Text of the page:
Birds of prey to target problem pigeons at hospital site

Birds of prey to target problem pigeons at hospital site

Birds of prey to target problem pigeons at hospital site

First published in News

MEET the Royal Bolton Hospital’s latest recruits — killer birds of prey which will help control a pigeon problem.

Falcons and hawks, including a white gyr falcon, are expected to cut pest control bills at the hospital, which currently costs up to £5,000 a year.

Drafting in the birds is expected to cost half as much, and they will be used to deter the disease-carrying pigeons from nesting and roosting in the hospital buildings.

The birds will replace the hospital’s more expensive anti-pigeon nets.

Associate director of facilities, Stephen Tyldesley, said the idea of using birds of prey had been well received by staff.

He said: “Pigeons are a real nuisance and can be a health hazard, so we’re looking forward to seeing how this initiative works and cut costs at the same time.” Pestproof, the hospital’s pest control contractor, introduced the birds from St Helens-based Hawk Control.

The killer birds will be used for about three to four months, with approximately 12 visits from the birds each month.

The falcons and hawks will be flown one at a time at night in areas where pigeons roost.

The birds may catch and kill some pigeons, but the main purpose is to act as a deterrent.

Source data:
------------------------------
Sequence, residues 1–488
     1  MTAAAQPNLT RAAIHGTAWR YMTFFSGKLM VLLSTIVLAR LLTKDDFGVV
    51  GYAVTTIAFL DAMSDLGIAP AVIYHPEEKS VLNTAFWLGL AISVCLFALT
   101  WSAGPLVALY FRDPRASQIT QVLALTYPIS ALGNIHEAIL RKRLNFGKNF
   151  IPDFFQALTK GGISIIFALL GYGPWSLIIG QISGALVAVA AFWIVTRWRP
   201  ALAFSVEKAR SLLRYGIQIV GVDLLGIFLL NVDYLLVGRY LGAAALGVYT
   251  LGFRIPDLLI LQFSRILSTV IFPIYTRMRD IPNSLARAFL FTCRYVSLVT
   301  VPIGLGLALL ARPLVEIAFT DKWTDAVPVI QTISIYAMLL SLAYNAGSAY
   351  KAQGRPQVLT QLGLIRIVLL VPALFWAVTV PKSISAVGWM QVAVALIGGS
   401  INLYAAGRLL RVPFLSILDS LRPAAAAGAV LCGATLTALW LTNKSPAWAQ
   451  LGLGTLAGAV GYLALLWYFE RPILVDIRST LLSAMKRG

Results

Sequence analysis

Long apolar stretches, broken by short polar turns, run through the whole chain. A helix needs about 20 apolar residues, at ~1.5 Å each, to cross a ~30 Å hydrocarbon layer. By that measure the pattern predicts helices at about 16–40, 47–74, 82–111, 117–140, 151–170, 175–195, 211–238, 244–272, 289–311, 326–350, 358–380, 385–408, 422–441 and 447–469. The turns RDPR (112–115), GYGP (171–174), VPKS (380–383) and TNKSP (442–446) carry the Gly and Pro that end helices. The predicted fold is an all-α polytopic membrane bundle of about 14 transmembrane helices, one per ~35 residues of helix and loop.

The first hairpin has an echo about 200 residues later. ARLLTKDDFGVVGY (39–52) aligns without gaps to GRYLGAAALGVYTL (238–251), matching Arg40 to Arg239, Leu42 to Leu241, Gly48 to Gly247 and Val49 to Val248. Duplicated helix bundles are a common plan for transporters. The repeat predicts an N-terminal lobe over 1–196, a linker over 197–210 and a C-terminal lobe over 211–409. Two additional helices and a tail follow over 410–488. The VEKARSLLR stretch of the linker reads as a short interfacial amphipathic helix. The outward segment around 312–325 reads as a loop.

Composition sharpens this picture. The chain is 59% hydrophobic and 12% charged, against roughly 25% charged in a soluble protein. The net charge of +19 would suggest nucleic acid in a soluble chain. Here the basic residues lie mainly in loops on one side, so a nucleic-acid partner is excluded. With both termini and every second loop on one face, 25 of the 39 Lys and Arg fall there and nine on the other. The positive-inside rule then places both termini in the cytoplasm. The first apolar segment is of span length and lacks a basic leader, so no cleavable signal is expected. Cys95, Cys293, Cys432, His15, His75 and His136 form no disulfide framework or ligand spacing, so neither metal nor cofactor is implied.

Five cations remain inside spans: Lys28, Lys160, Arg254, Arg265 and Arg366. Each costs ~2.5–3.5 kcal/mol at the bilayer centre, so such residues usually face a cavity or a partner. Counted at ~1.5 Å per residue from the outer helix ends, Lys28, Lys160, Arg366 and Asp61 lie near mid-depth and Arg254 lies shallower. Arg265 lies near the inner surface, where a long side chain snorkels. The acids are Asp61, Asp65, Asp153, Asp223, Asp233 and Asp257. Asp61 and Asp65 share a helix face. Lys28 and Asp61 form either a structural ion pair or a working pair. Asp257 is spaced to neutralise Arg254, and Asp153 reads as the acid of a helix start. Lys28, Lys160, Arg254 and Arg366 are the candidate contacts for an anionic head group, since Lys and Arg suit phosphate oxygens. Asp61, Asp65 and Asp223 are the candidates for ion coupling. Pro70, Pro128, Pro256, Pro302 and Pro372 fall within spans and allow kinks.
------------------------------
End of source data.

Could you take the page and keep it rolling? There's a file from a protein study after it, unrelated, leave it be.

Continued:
By not replacing the anti-pigeon netting, the hospital also hopes to avoid smaller birds becoming trapped.

David Treadall, aged 46, has run Hawk Control for 16 years.

He said: “We will be doing something which is environmentally friendly to get rid of pigeons, which are health hazards.

“I have a team of 24 hawks and falcons which are used at lots of hospitals, premiership football grounds and factories.

“I usually have six birds in the van with me and they are released one at a time in the evening.”

He said the pest situation will be reviewed after about three months to see whether the process needs to be continued longer.

Hospital healthcare assistant Sheila Neary said: “It’s fantastic.

This is a much more natural way of dealing with the problem.”

The birds of prey are expected to begin their work at the hospital in the next few weeks.

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